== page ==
New shoes. New clothes. 

Tomorrow, You’ll be someone new. 

When you look in the mirror, everything will be perfect.
Strangers on the internet will be friends.

Your friends will see you as a stranger. 

You’ll greet them the way your favourite character would. 

Waving and smiling, or not. 

It doesn’t matter anyways. You are someone new. 


An aesthetic has evolved into a multimedia experience, encompassing every sphere of one’s life. 

Studies have proven that aesthetic appreciation affects our cognitive and emotional state to foster psychological and conceivably, physical well-being, too. Colour combinations, styles, and patterns all evoke various emotions in an individual. 

Needless to say, it is essential to understand the neural underpinnings of the aesthetic experience, emotional processing, pleasure, and consequence, and how aesthetics and art promote well-being as well as disconsolation across various domains.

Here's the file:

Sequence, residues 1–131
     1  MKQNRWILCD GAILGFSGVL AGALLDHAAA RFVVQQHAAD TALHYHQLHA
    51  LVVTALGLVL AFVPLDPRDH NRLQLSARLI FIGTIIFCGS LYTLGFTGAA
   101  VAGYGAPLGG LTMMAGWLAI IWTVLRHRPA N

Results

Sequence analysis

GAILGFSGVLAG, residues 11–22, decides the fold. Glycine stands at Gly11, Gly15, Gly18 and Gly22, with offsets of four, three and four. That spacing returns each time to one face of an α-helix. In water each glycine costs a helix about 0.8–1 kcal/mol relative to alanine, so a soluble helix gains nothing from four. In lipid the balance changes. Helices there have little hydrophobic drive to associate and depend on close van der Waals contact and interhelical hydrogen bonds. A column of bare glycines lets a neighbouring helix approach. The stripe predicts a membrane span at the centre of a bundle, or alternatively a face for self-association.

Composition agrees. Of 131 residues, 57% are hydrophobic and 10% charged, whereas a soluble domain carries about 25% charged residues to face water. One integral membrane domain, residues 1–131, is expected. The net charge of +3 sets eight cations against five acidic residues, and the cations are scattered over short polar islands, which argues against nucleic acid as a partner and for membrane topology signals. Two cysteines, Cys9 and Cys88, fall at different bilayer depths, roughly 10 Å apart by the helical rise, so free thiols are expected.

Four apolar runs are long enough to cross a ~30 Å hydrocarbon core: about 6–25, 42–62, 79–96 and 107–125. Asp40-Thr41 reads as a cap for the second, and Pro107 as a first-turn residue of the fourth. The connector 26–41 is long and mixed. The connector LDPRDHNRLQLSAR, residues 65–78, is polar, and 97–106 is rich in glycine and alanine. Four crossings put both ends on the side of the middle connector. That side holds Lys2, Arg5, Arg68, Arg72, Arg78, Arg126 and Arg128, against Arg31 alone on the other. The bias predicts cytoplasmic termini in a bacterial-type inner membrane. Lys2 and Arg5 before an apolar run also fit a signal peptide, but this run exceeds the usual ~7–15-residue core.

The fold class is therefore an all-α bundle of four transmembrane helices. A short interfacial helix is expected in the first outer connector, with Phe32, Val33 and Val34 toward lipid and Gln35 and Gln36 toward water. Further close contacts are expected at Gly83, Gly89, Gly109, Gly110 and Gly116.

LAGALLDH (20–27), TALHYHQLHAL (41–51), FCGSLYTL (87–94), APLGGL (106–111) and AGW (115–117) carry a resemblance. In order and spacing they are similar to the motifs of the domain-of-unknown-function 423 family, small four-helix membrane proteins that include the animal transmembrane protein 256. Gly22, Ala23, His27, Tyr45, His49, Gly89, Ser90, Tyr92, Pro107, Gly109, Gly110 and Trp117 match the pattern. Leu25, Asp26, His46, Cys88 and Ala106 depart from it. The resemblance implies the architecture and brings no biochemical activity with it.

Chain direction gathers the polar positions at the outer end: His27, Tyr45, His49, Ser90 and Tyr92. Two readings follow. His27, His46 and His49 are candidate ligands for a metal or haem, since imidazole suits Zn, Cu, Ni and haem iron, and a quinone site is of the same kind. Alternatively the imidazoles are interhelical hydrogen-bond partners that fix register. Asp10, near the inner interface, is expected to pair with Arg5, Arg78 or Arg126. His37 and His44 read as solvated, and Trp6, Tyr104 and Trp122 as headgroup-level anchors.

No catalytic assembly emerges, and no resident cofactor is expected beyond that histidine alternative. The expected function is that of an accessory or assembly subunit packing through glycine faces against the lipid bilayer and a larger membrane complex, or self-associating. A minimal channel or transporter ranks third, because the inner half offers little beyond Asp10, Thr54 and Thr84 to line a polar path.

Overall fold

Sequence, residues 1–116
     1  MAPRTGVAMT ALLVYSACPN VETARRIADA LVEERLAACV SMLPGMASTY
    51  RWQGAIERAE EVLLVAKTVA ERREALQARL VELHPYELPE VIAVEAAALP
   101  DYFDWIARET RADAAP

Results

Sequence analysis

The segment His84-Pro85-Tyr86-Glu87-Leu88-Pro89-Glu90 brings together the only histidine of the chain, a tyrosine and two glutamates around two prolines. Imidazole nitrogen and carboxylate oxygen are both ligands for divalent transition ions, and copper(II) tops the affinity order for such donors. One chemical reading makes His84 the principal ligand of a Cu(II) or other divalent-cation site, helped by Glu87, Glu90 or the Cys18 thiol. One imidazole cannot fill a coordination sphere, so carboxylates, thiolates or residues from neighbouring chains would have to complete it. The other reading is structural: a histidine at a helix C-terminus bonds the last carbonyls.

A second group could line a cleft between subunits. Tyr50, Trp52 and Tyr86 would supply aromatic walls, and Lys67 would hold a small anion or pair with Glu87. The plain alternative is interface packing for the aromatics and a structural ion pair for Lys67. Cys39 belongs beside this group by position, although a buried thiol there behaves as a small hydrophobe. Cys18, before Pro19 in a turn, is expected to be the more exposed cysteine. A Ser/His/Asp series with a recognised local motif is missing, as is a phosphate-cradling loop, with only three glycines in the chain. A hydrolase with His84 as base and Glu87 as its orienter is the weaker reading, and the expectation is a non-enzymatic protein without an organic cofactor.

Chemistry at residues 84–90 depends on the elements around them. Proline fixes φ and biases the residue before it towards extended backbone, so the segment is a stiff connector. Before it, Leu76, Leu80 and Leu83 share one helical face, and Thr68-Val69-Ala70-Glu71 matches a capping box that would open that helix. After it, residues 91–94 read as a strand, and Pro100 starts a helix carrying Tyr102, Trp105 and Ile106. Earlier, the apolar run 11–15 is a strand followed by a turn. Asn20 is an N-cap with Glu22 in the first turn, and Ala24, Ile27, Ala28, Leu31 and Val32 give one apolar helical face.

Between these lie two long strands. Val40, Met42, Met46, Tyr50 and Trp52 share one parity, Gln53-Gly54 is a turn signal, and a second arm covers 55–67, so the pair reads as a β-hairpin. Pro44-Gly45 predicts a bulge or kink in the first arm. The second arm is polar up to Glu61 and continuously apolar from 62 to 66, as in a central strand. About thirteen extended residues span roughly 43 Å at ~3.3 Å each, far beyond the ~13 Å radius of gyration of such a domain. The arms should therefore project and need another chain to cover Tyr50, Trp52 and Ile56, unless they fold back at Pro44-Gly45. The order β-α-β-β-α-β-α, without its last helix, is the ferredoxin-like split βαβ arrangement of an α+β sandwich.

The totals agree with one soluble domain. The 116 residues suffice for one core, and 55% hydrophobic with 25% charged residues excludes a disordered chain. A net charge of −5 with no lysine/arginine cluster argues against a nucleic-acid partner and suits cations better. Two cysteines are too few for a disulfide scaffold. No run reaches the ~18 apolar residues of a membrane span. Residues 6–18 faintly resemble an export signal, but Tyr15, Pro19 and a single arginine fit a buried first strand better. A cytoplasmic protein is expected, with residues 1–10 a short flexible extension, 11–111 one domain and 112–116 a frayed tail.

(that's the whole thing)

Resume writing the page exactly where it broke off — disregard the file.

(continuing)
Colour psychology is an inescapable part of aesthetic culture. It is the art of manipulating the mind using certain colours, to evoke particular emotions and feelings in an individual. Colours hold the power to make you feel at ease, they can stir up memories from simpler times, they can leave you feeling all warm and fuzzy inside, or they can get your blood pumping and inspire action. 

For instance, warm colours such as certain shades of red, yellow and orange evoke feelings of joy, optimism and enthusiasm. At the same time, these colours can also be used to signal danger or grab someone’s attention. In the aesthetics world, these colours predominantly make up the –“Warmcore aesthetic”. Warmcore exhibits a wide array of warm colours to elicit feelings of warmth and nostalgia in the viewer. On a parallel note, colours like black, brown, beige, and faded colours such as greys, pinks, and blues constitute – “Writer Academia”, the key values of which, being curiosity, a quest for knowledge, learning, burning passion and creativity. Along the same lines, neutral, dark and muted colours make up “Minimalism”, which characterises simplicity, sophistication and clarity.